Europe has just found its Scott Brown. His name is Geert Wilders. He's never posed in the buff for Cosmo, but he does sport bleached blonde hair. He's the energetic 46-year-old head of the anti-Islamic Dutch Party for Freedom, which won big victories in two local races in The Hague and Almere on Wednesday. Just as the election in Massachusetts testified to the strength of the Tea Party, so the results in the Netherlands signal that right-wing populism is making a comeback in Europe.
The Dutch have general elections in June. Wilder's Freedom Party might capture the lion's share of parliamentary seats-forcing the Christian Democrats to form a coalition with him. Wilders has run a disciplined operation, always ready to capitalize on the mistakes of his opponents. The current coalition government with the Social Democrats has dissolved over opposition to Dutch participation in Operation Enduring Freedom in Afghanistan. The Dutch want no part of it. It will also be interesting to see how long other European countries continue to participate in it.
Despite the hostility to fighting in Afghanistan, tempers are flaring over Muslims at home-one million, to be precise, in a country whose total population is about 16.5 million. Wilders's spiritual predecessor Pim Fortuyn, a politician and author, was assassinated in May 2002. Wilders himself faces numerous death threats, but he, accompanied by a posse of bodyguards, has now jetted to Britain to show his brief anti-Koran film Fitna in the House of Lords (Wilders compares the Koran to Mein Kampf and wants to ban it). His party program is simple and clear. Among other things, he floats the idea of deporting Muslim immigrants from Holland, which has traditionally thought of itself as a tolerant place. That's changing. In that regard, Europe is changing as well.
According to the British Guardian, he announced immediately after his victory, "The leftist elite still believes in multiculturalism, coddling criminals, a European super-state and high taxes. But the rest of the Netherlands thinks differently. That silent majority now has a voice." Indeed it does. As Malte Lehming of the Berlin Tagesspiegel observes, "Whether its France (headscarf debate), Switzerland (anti-minaret vote), parliamentary successes in Italy, Denmark, and Norway-the rightwing populist movement is setting the tone, dominating the political agenda."
For decades, European elites have artificially tried to suppress the debate about the construction of the super-state condemned by Wilders. But a demographic decline, the surge in Muslim immigration, and the economic crisis have combined to upset the carefully laid plans of Europe's stewards. The looming bailout of Greece has only added fuel to the fire, particularly in Germany, where the retirement age was raised to 67. Meanwhile, Greece pays its civil servants up to 14 months pay per year and allows them to retire at 59.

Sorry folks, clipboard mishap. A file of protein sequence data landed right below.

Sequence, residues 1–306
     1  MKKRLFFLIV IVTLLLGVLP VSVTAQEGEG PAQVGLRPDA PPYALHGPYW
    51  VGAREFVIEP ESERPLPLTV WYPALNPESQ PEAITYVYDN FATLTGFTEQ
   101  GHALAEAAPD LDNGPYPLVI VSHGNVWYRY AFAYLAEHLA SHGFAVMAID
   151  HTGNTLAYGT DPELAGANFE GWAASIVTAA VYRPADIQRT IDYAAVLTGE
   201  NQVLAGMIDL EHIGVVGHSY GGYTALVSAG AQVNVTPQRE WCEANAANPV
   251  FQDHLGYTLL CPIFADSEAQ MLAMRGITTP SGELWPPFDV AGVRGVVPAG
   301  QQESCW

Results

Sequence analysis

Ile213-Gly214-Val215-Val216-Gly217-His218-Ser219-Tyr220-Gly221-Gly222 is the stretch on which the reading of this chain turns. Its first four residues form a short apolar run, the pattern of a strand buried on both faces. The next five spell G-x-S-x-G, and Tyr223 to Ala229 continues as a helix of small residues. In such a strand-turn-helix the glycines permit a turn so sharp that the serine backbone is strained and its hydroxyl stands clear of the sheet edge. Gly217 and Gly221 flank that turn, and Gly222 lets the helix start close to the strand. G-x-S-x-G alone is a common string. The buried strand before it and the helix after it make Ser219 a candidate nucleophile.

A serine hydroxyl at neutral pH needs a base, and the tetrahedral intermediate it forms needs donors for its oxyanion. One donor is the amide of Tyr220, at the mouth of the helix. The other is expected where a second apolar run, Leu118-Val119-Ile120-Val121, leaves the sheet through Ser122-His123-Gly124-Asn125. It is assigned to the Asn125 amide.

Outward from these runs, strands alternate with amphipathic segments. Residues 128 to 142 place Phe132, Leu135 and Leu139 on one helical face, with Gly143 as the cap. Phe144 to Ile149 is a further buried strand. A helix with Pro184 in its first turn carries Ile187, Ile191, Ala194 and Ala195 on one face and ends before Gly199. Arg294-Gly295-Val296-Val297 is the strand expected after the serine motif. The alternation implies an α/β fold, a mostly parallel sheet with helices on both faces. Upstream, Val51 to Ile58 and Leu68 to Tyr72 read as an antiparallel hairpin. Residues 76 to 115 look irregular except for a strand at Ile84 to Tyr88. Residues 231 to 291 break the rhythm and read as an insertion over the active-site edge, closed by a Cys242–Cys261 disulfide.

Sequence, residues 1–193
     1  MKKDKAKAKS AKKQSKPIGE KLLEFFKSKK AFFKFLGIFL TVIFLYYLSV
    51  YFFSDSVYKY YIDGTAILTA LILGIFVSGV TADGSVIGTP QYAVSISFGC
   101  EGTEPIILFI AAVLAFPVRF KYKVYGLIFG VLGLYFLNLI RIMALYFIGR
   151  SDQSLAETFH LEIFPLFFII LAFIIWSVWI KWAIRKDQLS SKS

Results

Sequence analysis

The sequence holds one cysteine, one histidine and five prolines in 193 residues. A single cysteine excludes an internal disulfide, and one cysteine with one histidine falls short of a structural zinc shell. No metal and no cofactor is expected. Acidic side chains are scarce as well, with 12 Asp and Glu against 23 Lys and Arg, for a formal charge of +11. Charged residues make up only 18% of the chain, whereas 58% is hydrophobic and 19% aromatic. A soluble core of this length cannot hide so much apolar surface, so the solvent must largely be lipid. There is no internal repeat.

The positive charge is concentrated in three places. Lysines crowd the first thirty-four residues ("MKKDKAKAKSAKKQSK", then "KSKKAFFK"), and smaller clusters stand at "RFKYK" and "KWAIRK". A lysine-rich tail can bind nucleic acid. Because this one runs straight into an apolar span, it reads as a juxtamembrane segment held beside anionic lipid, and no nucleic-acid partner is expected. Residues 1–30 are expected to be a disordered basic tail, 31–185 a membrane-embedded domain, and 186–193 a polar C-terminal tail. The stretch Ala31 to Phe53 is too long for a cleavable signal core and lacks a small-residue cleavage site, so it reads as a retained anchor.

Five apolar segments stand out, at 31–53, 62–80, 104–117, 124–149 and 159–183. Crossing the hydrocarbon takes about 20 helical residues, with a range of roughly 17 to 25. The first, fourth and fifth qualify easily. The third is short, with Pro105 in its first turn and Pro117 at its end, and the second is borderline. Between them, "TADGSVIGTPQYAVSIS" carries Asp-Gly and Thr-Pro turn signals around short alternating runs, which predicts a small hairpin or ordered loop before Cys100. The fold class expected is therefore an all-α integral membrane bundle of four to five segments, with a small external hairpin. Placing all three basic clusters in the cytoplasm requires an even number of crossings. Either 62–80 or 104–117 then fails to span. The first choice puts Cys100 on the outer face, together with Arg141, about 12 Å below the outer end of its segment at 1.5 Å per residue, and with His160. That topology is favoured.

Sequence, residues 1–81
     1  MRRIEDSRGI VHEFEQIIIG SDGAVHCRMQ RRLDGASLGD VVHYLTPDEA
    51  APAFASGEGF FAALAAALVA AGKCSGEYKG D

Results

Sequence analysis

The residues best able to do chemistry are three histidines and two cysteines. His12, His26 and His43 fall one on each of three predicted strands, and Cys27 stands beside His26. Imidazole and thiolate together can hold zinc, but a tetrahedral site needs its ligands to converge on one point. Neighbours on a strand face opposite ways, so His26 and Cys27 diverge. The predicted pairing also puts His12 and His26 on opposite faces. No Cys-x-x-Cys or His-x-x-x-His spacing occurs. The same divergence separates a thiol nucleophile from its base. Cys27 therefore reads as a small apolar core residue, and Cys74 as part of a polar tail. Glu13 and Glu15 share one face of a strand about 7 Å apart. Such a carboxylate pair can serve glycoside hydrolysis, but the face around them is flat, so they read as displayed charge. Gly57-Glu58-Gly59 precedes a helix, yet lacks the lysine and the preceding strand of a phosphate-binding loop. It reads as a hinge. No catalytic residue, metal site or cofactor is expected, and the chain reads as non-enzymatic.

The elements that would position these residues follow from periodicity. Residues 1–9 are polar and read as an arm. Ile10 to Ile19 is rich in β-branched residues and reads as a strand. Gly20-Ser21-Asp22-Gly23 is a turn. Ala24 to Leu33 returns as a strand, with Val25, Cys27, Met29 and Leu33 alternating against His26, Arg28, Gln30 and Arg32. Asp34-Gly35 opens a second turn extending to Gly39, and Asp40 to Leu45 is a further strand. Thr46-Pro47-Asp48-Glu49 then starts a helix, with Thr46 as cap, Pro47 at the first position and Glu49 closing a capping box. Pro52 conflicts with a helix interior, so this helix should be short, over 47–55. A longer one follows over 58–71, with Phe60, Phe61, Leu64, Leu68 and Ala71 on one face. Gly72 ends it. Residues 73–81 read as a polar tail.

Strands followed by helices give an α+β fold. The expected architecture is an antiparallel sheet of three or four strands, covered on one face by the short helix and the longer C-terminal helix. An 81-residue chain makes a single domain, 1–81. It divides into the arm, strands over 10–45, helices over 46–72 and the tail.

Wilders' fiery statements play well among the aggrieved voters who resent what they see as the takeover of their country, both by anonymous European elites and foreigners. Wilders himself put it this way, "today Almere and The Hague, tomorrow the whole of the Netherlands. This is our springboard for success in parliamentary elections. We are going to take the Netherlands back from the leftist elite that comforts criminals and supports Islamisation."
By early summer, Wilders might even end up prime minister of the Netherlands. It would certainly come as a shock to its neighbors. (Britain has already tried to deny Wilders entry once.) But the cold, hard truth is that the post-World War II dominance of Christian Democrats and Social Democrats across Western Europe is finally coming to an end. New parties are popping up as the ice sheet of the Cold War melts away. And if Europe continues to drift aimlessly, it may find that the popularity of rightwing populism is hardly confined to the Dutch. It would ironic if what ends up uniting Europeans is not a yearning for the brotherhood of man, but, rather, a fear of what Wilders apocalyptically describes as a "tsunami of Islamization."
Jacob Heilbrunn is a senior editor at The National Interest.